Planning the High Sierra Trail Thru-Hike

 Hamilton Lake

Hamilton Lake

My first attempt at Mt. Whitney kicked my butt and it has kept me coming back for more. So when I wasn’t awarded permits from the lottery system in April, I decided to hike to the summit one of the long ways. The whole 72 miles, West to East across the Sierra Nevada Mountains, that make up the High Sierra Trail.

The High Sierra Trail also ended up being my first thru-hike, my longest backpacking trip by miles and by days, and honestly the hardest hike that I have ever done both physically and mentally. After 6.5 days on the trail, standing on top of Whitney with no altitude sickness, knowing I made it across the mountain range with a heavy pack (45lbs) was worth every tear and blister along the way.

The trail starts in the West from Crescent Meadows in the Sequoia National Park and runs to the East across the mountain range to the Mt. Whitney summit and down to Whitney Portal. The High Sierra Trail goes over the Great Western Divide, down to the Big Arroyo and Kern River Valley, then up again to where it connects to the John Muir Trail and the Pacific Crest Trail, and finally finishing on Mt. Whitney.

Distance: 72.2 miles point to point

Time: 6 to 9 days

Difficulty: Strenuous

Elevation Gain: 13,303 ft

Permits Required: Yes, year round.

Bear Canisters Required: Yes in the spring and summer months until Nov 1.

Dogs: No

Re-Supply Available: No

Pack Animals Allowed: Yes

 Sunrise on the way to Mt. Whitney

Sunrise on the way to Mt. Whitney


If you’re going West to East, pick up permits from the Lodgepole Visitors Center in the Sequoia National Park. If you’re going East to West, get your permits from the Mt. Whitney Visitors Center in Lone Pine. If you start from the West, you don’t need a permit to finish on Mt. Whitney.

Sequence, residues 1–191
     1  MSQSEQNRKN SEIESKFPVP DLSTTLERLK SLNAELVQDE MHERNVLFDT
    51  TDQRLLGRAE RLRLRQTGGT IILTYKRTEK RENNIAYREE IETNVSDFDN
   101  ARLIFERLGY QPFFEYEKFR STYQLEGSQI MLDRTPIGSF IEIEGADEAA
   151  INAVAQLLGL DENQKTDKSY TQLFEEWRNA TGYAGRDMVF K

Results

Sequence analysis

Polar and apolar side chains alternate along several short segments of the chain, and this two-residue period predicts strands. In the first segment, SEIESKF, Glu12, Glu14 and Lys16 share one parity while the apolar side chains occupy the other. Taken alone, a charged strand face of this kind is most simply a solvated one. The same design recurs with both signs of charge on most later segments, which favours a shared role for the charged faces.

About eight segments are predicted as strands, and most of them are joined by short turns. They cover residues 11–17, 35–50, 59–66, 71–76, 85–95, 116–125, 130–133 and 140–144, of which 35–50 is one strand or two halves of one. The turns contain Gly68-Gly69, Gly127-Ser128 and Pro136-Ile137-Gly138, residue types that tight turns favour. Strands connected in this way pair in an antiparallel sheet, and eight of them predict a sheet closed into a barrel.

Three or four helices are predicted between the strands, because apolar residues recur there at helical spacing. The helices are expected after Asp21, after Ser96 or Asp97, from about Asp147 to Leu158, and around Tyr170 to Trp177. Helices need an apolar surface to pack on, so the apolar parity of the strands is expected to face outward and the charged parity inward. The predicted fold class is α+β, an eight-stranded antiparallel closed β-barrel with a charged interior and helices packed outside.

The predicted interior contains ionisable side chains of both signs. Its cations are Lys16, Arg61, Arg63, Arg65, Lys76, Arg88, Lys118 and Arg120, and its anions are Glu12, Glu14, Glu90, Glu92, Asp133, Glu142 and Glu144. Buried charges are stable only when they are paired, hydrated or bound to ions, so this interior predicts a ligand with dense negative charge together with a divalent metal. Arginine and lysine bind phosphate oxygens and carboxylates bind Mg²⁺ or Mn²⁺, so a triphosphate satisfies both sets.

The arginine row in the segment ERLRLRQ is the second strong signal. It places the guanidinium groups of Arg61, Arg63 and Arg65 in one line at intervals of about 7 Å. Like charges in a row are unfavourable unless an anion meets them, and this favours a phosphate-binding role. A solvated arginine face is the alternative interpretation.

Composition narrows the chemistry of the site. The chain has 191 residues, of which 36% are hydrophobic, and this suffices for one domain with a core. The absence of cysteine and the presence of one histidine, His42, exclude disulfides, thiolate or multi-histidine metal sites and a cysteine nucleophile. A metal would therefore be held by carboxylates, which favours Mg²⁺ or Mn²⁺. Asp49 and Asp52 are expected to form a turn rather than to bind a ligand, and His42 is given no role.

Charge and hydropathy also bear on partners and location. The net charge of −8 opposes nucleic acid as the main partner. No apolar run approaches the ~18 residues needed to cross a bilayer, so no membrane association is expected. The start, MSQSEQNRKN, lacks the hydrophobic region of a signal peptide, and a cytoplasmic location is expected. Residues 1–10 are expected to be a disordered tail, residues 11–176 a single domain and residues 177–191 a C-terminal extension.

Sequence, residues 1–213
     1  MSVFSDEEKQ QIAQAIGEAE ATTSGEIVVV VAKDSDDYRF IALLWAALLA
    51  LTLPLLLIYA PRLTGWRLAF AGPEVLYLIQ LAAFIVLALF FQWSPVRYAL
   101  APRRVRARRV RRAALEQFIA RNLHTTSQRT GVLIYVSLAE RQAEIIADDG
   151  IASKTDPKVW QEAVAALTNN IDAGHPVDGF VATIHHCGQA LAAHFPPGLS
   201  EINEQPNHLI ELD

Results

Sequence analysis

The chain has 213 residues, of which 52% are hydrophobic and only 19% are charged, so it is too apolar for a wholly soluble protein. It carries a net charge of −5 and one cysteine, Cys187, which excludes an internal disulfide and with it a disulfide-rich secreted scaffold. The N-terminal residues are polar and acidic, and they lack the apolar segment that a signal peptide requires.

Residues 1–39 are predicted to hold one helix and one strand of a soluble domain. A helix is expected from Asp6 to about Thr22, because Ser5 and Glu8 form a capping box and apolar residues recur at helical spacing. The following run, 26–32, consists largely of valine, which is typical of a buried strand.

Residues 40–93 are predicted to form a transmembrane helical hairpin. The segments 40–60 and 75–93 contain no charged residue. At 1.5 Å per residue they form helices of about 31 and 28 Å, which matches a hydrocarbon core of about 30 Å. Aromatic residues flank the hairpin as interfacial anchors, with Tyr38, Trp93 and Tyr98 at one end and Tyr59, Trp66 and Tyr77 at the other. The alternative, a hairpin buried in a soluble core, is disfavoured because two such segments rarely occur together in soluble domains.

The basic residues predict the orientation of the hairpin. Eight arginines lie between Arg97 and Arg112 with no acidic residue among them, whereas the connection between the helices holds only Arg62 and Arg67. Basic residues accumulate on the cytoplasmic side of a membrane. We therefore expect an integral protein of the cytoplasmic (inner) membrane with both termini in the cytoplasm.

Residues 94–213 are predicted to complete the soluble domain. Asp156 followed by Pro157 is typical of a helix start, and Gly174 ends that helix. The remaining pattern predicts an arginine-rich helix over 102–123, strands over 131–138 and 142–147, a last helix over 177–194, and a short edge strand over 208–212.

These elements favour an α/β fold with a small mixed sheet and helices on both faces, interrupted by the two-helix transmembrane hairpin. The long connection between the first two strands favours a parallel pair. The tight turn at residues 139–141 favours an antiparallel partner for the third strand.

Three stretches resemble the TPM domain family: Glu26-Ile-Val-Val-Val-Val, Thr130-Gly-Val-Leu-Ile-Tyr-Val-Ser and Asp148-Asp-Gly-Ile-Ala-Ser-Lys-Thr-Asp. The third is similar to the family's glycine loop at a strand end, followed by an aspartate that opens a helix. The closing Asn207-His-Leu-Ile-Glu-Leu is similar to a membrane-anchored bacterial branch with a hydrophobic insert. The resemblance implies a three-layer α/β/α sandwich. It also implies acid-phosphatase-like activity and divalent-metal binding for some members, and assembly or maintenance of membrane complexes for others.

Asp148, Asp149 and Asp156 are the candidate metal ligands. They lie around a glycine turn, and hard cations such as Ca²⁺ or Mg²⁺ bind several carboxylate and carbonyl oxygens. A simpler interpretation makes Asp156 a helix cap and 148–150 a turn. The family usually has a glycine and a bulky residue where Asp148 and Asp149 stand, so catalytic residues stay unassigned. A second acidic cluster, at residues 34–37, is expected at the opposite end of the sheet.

There are two ways to get permits for this trail, inside the quota season and outside of the quota season.

During the quota season -

The quota season runs during the summer months usually from May/June through the middle of September. The quota season is designed to limit how many backpackers can enter the wilderness on any given day during the high season (summer). This is to help protect the wilderness from too many visitors at the same time.

To hike the trail during the quota season, you email your PDF application on or after March 1 at 12:01 am to the SEKI wilderness office ( Emailed applications before that date will not be processed. It takes them a couple of weeks to get back to you because they go through all of the emails manually and award dates based on a first come first serve basis of when the emails come in. Then they will email you which dates you were awarded and a link to submit payment and you’re done with that!

Outside of the quota season -

There is no quota to backpack the wilderness for the fall, winter and spring months. But permits are still required! So you still need to go to the wilderness office before your trip and get a permit but you can have a group of 2 or 12 join you. I went in late September when the weather is cooler, especially at night, but manageable.